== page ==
July 3, 2017
This morning, I did one of my most difficult runs. Yes. Difficult. I know some are wondering…… “You just ran an 87kms ultra 3 weeks ago, how could you possibly run anything longer than that within such a short time..”
Let me walk you through today’s run.
I have been on a running break for the last one month having done Comrades ultra marathon on the 4th of June barely 6 weeks after a fast 42 kilometers in London. Today’s run was nothing close to that. The distance was 10 kilometers. So what does that short distance have to do with a run being the hard?
I have this problem. After a running break-which I take after a full (42 kms) or longer marathon I suffer from serious itches when I resume. This happens from around the 1-kilometer mark when the body starts breaking into a sweat. The itch is so severe and irritating that during my inaugural run many years ago, I almost tore through my skin scratching profusely and eventually concluded that maybe I wasn’t meant to run and went back home with nail marks all over my body.
I love the normal itches. They kind of feel nice when you attend to them. They seem to relent once they get some attention. But this is not that kind of itch. This is one of those uncultured ones that didn’t see the inside of a classroom. It starts off faintly from the stomach and skin and around the bottoms and slowly progresses into some monster that makes you want to abandon the run and sit on the cold early morning tarmac and slide back to the gym-Obviously minus some of your dignity and looking like a baboon.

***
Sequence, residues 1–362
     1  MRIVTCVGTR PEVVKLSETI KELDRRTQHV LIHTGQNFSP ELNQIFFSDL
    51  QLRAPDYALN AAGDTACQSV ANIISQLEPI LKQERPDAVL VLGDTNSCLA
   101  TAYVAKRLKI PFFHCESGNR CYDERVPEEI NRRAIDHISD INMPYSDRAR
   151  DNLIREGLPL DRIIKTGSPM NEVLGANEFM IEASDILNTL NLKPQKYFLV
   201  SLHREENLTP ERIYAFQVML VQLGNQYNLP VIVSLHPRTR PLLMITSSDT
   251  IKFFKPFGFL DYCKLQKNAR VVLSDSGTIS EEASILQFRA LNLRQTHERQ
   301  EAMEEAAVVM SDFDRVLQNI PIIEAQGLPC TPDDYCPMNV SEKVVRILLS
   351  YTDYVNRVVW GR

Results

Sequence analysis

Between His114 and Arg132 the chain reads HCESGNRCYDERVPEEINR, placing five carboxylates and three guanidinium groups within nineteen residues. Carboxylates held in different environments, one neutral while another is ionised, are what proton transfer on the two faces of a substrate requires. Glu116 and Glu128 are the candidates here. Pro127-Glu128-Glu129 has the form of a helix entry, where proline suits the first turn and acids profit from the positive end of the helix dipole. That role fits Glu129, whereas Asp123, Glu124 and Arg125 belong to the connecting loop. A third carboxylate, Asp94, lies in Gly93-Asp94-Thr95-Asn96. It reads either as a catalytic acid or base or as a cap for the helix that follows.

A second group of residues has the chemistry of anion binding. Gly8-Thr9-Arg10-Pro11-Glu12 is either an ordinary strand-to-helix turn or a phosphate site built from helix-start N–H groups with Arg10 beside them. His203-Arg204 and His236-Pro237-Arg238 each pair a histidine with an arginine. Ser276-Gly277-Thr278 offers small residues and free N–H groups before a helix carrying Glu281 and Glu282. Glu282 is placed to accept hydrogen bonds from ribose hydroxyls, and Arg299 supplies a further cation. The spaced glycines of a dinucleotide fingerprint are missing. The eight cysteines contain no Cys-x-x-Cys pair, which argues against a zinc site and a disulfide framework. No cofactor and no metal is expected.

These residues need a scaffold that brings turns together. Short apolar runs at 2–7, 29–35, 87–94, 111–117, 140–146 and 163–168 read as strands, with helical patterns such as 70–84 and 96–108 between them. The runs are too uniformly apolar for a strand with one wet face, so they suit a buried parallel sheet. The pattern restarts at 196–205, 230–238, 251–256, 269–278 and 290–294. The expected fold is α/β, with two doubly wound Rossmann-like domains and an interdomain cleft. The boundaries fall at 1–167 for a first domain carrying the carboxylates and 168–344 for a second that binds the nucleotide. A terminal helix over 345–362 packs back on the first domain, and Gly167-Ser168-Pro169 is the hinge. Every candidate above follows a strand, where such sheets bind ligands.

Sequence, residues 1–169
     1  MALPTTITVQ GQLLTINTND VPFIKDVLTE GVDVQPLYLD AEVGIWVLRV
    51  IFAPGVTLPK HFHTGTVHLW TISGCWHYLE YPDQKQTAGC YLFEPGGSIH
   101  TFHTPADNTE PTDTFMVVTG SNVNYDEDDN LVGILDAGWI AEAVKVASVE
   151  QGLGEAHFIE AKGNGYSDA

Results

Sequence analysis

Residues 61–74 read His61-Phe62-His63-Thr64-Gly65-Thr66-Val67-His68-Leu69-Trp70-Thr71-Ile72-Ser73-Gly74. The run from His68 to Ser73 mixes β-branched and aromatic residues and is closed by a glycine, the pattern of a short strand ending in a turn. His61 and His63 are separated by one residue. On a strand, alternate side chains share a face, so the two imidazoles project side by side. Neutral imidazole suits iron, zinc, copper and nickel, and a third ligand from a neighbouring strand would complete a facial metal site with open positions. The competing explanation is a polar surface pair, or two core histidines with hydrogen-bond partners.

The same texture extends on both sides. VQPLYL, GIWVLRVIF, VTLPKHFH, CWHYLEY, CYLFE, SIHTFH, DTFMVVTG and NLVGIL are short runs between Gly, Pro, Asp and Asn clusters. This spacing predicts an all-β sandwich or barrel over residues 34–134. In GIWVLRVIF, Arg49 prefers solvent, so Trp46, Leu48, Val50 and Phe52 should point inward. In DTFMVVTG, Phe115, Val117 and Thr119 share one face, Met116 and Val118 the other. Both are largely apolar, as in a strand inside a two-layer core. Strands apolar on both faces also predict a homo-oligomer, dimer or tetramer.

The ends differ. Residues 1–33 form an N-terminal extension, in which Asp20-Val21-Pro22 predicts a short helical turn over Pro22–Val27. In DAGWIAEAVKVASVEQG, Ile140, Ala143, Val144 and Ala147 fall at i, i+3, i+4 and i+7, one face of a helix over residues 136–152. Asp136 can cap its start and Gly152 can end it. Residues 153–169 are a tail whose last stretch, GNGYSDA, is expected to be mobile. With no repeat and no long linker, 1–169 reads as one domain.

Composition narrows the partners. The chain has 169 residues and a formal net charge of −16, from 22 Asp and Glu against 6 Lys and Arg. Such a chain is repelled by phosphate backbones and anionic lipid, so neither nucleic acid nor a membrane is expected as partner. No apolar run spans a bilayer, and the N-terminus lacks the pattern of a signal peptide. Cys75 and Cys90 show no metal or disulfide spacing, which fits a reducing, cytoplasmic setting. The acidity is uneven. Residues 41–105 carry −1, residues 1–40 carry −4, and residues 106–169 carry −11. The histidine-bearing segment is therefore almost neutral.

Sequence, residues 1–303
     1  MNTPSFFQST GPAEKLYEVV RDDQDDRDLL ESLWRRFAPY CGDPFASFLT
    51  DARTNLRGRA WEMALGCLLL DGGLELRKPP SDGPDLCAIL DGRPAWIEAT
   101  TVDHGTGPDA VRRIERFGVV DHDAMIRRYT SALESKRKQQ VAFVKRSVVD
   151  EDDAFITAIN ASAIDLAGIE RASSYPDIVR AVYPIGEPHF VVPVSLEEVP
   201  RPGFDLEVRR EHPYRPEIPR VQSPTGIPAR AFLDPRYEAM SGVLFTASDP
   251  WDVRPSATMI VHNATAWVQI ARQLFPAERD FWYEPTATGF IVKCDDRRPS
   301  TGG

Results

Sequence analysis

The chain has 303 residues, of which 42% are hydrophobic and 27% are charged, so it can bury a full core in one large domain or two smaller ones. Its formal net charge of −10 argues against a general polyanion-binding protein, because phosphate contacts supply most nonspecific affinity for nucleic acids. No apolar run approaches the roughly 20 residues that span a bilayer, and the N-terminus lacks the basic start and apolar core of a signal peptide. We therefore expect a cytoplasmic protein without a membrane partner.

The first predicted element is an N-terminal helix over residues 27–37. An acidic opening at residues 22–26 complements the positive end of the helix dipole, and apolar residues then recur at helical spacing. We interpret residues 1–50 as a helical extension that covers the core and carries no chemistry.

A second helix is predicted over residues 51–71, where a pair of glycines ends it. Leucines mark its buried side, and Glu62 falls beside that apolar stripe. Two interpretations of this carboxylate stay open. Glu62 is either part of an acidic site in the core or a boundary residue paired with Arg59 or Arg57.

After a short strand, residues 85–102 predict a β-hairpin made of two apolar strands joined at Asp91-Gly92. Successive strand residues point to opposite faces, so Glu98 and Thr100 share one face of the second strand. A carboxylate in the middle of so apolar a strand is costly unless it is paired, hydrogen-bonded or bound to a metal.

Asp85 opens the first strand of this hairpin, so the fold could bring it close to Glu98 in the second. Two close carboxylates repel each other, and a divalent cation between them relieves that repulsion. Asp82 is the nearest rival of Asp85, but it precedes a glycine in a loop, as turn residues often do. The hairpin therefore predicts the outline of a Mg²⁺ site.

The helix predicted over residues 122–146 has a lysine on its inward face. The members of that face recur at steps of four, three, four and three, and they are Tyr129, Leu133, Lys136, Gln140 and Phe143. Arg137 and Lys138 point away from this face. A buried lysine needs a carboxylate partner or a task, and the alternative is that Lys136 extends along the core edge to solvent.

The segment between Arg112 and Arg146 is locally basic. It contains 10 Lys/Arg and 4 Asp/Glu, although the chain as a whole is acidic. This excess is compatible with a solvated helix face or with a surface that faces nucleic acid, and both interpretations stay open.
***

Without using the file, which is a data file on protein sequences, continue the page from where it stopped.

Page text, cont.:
At its maximum, it feels like pins being driven through the skin. It must be the same kind of itch that animals feel and end up scratching themselves hard on a tree. In-fact at times when running alone I have leaned on a streetlight and scratched my back hard on it. Unfortunately with this itch, you scratch one end and like a ping-pong ball, it shifts to another end with more vengeance. It seems to have a brain of its own. Its almost as if it makes me pay for the days I’ve been away. You scratch the back and the itch moves to the stomach, touch that and you may just send it to the backside. At this point you start walking to scratch that and just as you get that sweet feeling one gets when you use a cotton bud to attend to an itch inside your ear, it moves to an extreme that you may not reach. That’s when you need a tree as a scratch partner. The solution is always to run through the discomfort, which seems to last forever. My friend Nick who was also on the same break (we ran comrades together) also resumed today and he said for the first time he could feel the Itch. He even wondered loudly if it was contagious.
I always try to avoid scratching as much as I can but that only last for a short while. I have however learned to only scratch a bit here and a bit there to avoid increasing its vengeance. The Itch eventually disappears somewhere along the way today was at around the 4 kilometer mark and sanity resumed.
I have researched on the causes to this and the one that I believe applies to me is this explanation “If you’ve had a long layover between workouts sometimes the capillaries and arteries expand when you resume, causing a sensation that your brain reads as itchiness. If you can work through the discomfort, the itching should reduce and eventually disappear.
I understand that for some people it is so intense that they have to use numbing spray. Luckily mine isn’t at that level- at least not yet.
Bye bye itch until my next break, which is not soon.